Platt Perspective on Business and Technology

Innovation, disruptive innovation and market volatility 48: innovative business development and the tools that drive it 18

Posted in business and convergent technologies, macroeconomics by Timothy Platt on August 13, 2019

This is my 48th posting to a series on the economics of innovation, and on how change and innovation can be defined and analyzed in economic and related risk management terms (see Macroeconomics and Business and its Page 2 continuation, postings 173 and loosely following for its Parts 1-47.)

I have been discussing two-organization based, innovation discovery and development scenarios here since Part 43 when I began outlining and analyzing:

• University research labs and the university-as-business systems that they function in, as original sources of new innovation,
• And invention acquiring, for-profit businesses that would buy access to these new and emerging opportunities for development and sale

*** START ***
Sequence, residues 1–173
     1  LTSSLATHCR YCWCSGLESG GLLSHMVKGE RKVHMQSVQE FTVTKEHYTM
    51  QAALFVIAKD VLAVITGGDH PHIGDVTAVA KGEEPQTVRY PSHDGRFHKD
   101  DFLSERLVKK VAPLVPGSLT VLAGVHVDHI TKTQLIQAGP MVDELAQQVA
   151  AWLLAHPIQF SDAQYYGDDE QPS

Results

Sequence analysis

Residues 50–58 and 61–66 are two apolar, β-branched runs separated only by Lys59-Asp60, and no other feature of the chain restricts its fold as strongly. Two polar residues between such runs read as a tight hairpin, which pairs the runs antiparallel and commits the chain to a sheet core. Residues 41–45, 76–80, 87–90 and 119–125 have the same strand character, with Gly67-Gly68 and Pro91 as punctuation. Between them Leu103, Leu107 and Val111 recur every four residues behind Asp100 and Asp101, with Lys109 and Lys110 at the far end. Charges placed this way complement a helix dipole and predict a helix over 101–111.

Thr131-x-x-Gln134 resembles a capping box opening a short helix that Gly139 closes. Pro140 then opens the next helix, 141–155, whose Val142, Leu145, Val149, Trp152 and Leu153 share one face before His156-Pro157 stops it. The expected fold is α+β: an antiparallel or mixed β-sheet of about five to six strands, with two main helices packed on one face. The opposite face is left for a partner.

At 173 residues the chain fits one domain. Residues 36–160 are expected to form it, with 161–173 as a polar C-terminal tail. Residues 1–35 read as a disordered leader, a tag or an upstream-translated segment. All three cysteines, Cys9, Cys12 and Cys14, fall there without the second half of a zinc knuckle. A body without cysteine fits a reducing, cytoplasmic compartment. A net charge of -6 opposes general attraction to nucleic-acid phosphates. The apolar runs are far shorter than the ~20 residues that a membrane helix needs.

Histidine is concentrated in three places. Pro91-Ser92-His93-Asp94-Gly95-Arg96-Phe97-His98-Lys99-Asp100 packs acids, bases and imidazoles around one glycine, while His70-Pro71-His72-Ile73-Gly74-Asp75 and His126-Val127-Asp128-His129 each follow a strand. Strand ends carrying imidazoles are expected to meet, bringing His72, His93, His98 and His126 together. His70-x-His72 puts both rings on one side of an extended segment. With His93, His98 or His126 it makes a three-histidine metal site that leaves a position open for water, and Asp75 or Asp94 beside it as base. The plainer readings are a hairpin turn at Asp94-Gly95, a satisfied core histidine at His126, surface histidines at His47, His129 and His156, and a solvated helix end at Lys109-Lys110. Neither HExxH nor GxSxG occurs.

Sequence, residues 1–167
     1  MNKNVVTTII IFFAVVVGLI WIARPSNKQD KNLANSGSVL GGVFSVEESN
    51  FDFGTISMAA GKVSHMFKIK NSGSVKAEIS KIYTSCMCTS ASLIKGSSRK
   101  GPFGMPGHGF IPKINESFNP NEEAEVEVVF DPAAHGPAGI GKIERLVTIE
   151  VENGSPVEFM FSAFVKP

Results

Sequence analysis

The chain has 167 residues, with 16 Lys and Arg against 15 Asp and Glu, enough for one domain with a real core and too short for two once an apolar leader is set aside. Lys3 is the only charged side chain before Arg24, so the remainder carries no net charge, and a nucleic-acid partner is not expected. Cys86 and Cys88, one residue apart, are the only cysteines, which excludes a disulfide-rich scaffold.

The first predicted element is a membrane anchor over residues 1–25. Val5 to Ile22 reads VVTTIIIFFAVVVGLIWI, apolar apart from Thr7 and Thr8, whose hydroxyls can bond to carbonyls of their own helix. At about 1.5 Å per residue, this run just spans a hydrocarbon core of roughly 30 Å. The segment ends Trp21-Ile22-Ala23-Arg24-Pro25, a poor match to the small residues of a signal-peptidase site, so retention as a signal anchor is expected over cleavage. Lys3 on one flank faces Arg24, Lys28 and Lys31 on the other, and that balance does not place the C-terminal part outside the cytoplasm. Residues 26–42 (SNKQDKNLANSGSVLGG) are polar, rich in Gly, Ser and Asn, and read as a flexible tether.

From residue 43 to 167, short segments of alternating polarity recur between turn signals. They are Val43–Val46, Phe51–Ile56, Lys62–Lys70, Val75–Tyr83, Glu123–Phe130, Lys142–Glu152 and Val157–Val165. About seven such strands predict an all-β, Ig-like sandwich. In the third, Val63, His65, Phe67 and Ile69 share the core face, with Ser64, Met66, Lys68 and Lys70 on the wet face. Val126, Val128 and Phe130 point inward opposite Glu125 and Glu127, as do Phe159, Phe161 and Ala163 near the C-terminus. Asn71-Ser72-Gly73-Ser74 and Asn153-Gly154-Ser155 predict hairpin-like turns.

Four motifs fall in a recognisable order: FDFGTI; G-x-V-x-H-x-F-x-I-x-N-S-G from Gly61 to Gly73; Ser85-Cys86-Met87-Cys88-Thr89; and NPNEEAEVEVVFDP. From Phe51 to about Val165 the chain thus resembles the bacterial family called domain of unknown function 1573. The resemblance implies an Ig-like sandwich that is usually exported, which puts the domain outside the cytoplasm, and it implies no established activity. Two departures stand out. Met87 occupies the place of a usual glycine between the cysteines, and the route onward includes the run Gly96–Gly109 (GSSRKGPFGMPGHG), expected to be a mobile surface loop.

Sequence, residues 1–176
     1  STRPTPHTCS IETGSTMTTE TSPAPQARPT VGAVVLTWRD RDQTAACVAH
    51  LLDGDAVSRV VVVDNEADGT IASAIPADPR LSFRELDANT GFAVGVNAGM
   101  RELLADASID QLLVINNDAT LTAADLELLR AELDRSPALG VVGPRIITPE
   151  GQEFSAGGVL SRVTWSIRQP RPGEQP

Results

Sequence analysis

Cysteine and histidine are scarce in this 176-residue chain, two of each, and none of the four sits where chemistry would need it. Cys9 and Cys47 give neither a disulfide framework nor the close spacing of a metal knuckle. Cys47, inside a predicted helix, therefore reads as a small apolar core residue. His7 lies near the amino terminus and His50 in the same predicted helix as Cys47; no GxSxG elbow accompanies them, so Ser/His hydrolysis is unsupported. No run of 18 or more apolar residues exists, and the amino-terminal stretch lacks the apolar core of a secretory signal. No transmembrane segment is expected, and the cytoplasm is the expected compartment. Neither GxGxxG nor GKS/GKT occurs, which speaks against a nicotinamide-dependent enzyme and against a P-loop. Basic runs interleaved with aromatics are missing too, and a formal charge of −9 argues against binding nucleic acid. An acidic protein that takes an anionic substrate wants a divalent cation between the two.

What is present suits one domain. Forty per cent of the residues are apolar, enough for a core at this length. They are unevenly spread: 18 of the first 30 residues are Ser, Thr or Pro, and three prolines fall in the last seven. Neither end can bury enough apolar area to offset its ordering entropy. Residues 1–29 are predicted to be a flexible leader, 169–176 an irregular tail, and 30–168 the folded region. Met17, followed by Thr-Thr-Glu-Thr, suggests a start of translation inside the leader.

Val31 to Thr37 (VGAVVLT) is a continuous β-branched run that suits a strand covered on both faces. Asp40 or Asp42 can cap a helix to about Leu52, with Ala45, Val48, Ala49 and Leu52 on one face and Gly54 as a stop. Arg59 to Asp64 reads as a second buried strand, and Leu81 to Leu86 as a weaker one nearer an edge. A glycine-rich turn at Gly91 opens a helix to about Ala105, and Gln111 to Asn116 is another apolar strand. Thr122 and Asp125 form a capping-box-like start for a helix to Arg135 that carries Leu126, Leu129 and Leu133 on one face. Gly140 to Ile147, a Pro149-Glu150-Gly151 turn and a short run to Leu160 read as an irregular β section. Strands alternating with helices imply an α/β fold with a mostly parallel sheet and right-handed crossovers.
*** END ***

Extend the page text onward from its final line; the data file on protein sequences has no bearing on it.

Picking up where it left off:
as the two organizations involved. And my goal here is to expand that line of discussion to include a wider range of participating organizations. I raised a possibility for that in Part 47, when I made note of how larger companies can and do at least occasionally divest themselves of patents that they hold, but that do not supportively fit into their current or planned business model and its needs. IBM is known for having sold off tens of thousands of patents in that way as they have, as a business, redefined themselves to remain competitively effective in the face of overriding change and its challenges. (See, for example IBM Has Sold Over 15,000 Patents Since 1991; Google is its biggest customer, where this news piece only addresses part of a still larger and longer-term patent divestiture story for this business.)